Tough Travelling: Immortals


As per last week, I’m following along in Nathan’s footsteps as he wanders through his copy of The Tough Guide to Fantasyland. This week: Immortals. The Guide splits this into three subtypes: Gods and the like (who cannot die unless people stop believing in them); Elves, Dark Lords and so forth (who cannot die unless they are killed); and immortal humans.

Since there are just so many immortals in genre novels, even in the relatively small number that I’ve read (and the smaller number that I remember), I think I’m going to do three lists, one for each of those categories. Even then, the second and third lists may be a little long…

Oh, and last week someone said that my picks were a little eclectic. I’m hoping to continue that theme!


So, let’s start off with ‘Gods’. I’m including here anything that can’t be killed, and that is in some way a fundamental part of the world (i.e. not just an invulnerable human). Here’s my slightly recondite five:


1. K’z’k – Sluggy Freelance (Pete Abrams)

K’z’k’s status is somewhat unclear: perhaps a mere world-ending demon, perhaps the quintessential embodiment of destruction itself. What does seem clear (although that may change in the coming days, thanks to timing…) is that he/she can’t be killed. The annoyingly cheerful bug-monster just sort of seems to shatter into pieces, lodged in texts or in people’s minds, waiting for a chance to rise again, piece by piece. Some of those pieces are themselves sentient, so I suppose theoretically there’s a whole bunch of K’z’k’s wandering around at times. Anyway, despite being found in the lowly and disreputable local of a mere webcomic, K’z’k deserves to be on this list both for the hydra-like mechanism of his/her immortality and for her/his sheer force of psychotic personality – Abrams manages to make his Big Bad into something inhuman, funny, monstrous, strange, and really irritating in a creepy way. The fact it can raise hordes of the undead helps too.

2. Odin – The Long Dark Tea-time of the Soul (Douglas Adams)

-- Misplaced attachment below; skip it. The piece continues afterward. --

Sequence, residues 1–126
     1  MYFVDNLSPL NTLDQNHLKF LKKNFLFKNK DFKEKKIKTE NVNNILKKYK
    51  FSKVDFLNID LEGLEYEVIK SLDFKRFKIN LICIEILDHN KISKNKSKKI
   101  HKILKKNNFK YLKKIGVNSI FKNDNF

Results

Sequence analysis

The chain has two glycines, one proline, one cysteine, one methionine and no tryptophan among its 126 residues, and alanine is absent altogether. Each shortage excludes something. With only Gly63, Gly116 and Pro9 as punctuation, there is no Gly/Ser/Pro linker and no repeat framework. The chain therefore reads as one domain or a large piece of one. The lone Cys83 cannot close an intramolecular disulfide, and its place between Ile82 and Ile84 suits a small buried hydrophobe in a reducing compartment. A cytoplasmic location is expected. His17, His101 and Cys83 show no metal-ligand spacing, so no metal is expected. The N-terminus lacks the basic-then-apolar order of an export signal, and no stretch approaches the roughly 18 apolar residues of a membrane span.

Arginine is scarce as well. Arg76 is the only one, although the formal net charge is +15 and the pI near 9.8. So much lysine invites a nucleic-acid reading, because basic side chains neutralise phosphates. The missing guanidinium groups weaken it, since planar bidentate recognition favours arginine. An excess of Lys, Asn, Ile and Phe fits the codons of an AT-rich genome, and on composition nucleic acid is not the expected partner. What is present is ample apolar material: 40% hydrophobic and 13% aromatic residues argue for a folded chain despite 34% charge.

Lots of books have the ancient gods living among us, either in some sort of tangential world that intersects with ours, or else surviving in some hidden places. Sometimes those gods are powerful; sometimes, they’ve fallen on hard times. In Adams’ book, however, Valhalla is St Pancras Station, and many of the Norse gods live as tramps. The patron of that clan, the all-wise, all-knowing Odin, is currently residing in a nursing home, where he sleeps 22 hours a day, and while he may think he’s still got his wits, it’s not entirely clear that he’s up for dealing with all the complexities of the modern world – such as lawyers.

3. Tzadkiel – The Urth of the New Sun (Gene Wolfe)

What is Tzadkiel? Who knows. I think it’s probably some sort of interdimensional angel-robot constructed by a doubly-ascended ‘earlier’ iteration of humanity, but your mileage may vary. Whatever it is, it’s able to reside is the superdimension of Yesod and as the power to judge humanity, and control major astrophysical parameters. It’s also something that exists in many fragments, at least one of which has been banished (by itself? who knows?) to a place beyond (or between) realities. It may also be a boat. It’s a Gene Wolfe novel, what do you expect, clarity?

4. The Lady of Pain – The Planescape RPG setting (various)

The Lady of Pain has a very spikey face. She may or may not be a god. At some point in the past, she arrived in the toroidal portal city of Sigil (which floats at the top of an infinitely tall spire), and quickly disposed of the god that previously ruled there. Since then, she’s ruled with an iron, and very spiky, but somewhat absenteeist, fist. Humans get on with their own business, and as long as they don’t cross certain metaphorical lines, she gets on with hers – whatever that may be. In a setting, and a city, where gods and archdevils wander about the streets getting in drunken brawls, it takes a lot to be mysterious and aloof, but the Lady certainly is. Those who cross her – by molesting her mindless ‘dabus’ servants, for instance, or worst of all by praying to her – come to unpleasant ends. I believe flaying alive has been involved on some occasions. What she’s most famous for, however, is the punishment of ‘mazing’ – teleporting an enemy to a small personal prison-dimension from which escape is almost impossible. Yes, the Lady may be a plot device, a virtually omnipotent dea ex machina, but she’s a memorable one, and her inscrutable danger and strange appearance perfectly set the tone for the magnificently baroque setting.

5. Counter-flow – Interesting Times (Terry Pratchett)

When you say ‘gods who don’t die unless you stop believing in them’, everyone will think of Pratchett. And it’s tempting to include Om, or Angus (the personal god of one mad stylite), or P’tang-P’tang, or Offler the Crocodile God, or the Verruca Gnome, or Teg the Horse-Headed God of Agriculture, or Fate and the Lady, Death, Myria St Jean, or Mr Safe Way. Gods and immortals are everywhere in the Discworld. But that very ubiquity is why these more famous deities don’t capture the essence of Pratchett’s setting. Instead, I’ve gone for one of the most obscure, demonstrating just how omnipresent immortality is in this world: a round of applause if you please for Counter-flow, one of the Four Dread Horsemen of Public Holidays!


Now, how about elves’? In this category I’m including everything that doesn’t naturally die, but that can be killed – things that start out immortal, not that become so in some way. Here are five examples:

1. Artanis – assorted works (J.R.R. Tolkien)